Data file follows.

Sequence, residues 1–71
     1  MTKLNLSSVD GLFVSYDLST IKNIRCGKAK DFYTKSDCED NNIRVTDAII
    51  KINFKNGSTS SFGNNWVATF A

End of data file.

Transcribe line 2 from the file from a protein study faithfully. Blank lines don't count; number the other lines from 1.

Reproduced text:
     1  MTKLNLSSVD GLFVSYDLST IKNIRCGKAK DFYTKSDCED NNIRVTDAII